Since I read ‘The Life Changing Magic of Tidying’ by Marie Kondo and continued to subscribe to many of the lessons years later, I’ve been fascinated by people who make the decision to live with less. I live in an apartment at the moment and prior to this lived in a house that was a good bit bigger. I found that when I lived in a bigger space, I inevitably accumulated more ‘stuff’ to fill it. The subsequent purge that had to happen when I moved, made me question how much I actually used and needed. But what about people who go even further, who actively choose to live in ‘tiny homes’ and to make this their way of life? I came across Anna Leckey on Instagram @eco.belfast and was utterly impressed with and inspired by her decision to live in a tiny pod measuring 14.5m2, the likes of which you might have seen on glamping sites. Anna is a yoga teacher and the artistic director of Three’s Theatre Company and I was very excited to get a natter with her and to ask her all about living in a tiny home. For many us, lockdown made us yearn for more space at home, but for Anna it was the opportunity to take a leap and do the very opposite.
How did it all come about?
I probably became interested in tiny homes when I was living in university halls as I had one room. For me living this way was always an escapism, I loved watching videos about tiny homes on YouTube. Any time I was slightly depressed or felt out of control, those are the videos I was watching. It felt like a simple way of living. There is no excess and no clutter, you have everything you need and nothing else. That makes me feel calm.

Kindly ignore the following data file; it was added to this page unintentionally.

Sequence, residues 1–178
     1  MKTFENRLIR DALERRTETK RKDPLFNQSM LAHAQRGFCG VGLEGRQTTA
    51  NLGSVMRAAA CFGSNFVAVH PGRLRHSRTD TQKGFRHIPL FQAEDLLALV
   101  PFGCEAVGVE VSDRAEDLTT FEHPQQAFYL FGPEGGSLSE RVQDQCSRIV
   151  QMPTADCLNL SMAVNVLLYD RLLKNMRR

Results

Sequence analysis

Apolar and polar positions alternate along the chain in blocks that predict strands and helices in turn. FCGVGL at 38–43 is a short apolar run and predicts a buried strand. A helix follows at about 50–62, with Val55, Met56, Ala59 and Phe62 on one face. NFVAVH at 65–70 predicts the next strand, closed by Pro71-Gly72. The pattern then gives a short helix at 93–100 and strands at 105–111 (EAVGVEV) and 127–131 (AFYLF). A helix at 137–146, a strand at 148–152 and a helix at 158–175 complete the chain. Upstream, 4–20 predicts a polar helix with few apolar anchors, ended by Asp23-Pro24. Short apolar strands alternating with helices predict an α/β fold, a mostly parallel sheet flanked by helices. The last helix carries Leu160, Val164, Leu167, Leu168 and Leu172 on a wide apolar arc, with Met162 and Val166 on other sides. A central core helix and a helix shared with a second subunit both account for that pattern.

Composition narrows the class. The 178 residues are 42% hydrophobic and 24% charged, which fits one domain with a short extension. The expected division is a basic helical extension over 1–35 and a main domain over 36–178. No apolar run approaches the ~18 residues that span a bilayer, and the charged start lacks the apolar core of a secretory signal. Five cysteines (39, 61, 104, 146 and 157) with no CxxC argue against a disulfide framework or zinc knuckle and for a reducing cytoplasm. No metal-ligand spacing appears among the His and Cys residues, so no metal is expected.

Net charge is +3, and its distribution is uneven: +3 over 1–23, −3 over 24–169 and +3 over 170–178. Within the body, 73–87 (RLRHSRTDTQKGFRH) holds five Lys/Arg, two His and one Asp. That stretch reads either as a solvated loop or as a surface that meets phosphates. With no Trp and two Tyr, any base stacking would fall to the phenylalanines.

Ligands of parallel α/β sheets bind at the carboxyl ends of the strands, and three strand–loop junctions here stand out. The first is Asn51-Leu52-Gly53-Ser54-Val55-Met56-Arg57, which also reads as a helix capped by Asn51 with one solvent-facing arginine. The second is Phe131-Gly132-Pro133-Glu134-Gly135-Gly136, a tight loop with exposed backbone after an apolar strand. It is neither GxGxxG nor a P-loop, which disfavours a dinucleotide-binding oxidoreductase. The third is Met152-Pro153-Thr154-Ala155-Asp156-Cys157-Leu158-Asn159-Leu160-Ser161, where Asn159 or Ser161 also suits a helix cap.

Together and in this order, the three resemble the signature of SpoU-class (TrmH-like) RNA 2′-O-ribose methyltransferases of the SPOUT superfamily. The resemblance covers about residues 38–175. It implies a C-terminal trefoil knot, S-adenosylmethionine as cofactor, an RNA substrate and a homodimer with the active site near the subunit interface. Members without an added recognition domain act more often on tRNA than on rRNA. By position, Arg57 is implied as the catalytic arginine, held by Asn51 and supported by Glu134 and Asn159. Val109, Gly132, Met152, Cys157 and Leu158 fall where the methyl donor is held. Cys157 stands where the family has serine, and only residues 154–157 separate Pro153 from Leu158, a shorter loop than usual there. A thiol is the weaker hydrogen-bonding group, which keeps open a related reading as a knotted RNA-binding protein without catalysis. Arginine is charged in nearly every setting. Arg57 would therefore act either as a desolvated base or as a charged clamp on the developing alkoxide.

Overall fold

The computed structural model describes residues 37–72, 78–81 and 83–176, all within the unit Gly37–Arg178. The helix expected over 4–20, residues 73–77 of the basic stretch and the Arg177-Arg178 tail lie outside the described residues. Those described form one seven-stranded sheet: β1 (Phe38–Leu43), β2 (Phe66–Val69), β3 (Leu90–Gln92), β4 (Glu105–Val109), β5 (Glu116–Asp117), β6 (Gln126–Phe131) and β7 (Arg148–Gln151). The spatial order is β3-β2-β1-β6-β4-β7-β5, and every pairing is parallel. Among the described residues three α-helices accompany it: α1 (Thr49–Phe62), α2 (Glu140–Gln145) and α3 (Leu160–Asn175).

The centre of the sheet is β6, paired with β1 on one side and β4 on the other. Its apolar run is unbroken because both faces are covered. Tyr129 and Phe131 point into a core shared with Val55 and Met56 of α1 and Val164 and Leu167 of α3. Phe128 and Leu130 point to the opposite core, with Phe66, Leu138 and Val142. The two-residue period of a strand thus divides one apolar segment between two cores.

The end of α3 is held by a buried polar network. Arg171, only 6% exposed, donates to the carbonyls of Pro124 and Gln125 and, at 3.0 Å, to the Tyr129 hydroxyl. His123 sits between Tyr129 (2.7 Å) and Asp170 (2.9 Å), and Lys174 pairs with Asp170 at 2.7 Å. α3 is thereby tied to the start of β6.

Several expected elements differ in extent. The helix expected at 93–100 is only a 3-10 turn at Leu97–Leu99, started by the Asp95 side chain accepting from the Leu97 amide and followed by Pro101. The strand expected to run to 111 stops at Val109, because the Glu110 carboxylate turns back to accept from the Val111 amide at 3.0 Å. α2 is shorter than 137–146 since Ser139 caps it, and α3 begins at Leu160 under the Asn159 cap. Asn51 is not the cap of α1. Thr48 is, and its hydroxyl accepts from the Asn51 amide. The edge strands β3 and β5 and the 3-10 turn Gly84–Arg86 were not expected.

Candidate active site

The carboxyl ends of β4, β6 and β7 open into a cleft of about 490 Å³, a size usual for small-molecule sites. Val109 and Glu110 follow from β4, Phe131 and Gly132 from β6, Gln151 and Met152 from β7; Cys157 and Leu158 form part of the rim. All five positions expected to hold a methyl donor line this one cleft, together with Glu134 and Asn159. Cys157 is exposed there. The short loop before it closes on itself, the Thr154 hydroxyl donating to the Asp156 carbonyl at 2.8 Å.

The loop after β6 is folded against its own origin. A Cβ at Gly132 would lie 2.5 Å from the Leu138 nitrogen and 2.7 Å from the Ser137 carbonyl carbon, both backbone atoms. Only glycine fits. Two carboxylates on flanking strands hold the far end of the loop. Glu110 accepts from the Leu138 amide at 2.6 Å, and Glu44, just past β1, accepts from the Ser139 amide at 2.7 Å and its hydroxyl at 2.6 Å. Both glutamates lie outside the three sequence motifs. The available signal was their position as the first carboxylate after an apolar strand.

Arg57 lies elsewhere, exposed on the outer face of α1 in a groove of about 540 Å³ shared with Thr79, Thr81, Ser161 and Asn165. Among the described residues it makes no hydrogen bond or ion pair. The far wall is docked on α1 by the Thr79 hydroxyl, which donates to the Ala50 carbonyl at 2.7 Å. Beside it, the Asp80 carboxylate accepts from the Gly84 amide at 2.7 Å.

I had been living in a flat with my friend Danielle, who I also work with at Hot Yoga Belfast. We get on so well but when lockdown came, I just felt ready for my own space. As a freelancer, apartments were going to be tricky to get, and I didn’t actually want an apartment. I was always being drawn to small spaces and found myself looking at nice bedsits. By chance I came across the glamping pod and everything just moved quite quickly. Because I’d been thinking about this way of living for so long, it just felt right. I’d been decluttering for years and I have nothing! Everything I own is in that pod. For sentimental things, I have a plastic box that lives in my car. I’ve gone through stages of decluttering it and I know that I want to keep everything that’s in that box and it really doesn’t take up a lot of space. I have my P7 dress that everyone signed when we left school, I like it and don’t want to get rid of it! For the theatre company, we commission artists to create original artwork for our posters, so I want to keep those, and there’s my Repeal jumper that I’ve worn to death, I’m going to get my cousin to turn that into a cushion for me. I just don’t need a lot.
The person who owned the pod before me had been using it as an extra bedroom in the garden. I bought the pod for £5.5 grand and probably spent about £700 at the beginning, and I’ve spent a little bit here and there since then. My dad built me the deck, that the pod stands on which has given me a little bit of extra space. I’ve only had one tiny issue, a little leak that was easy to fix, and that’s been it. There’s so much less that can go wrong as it’s so tiny.
Do you know other people locally living like this?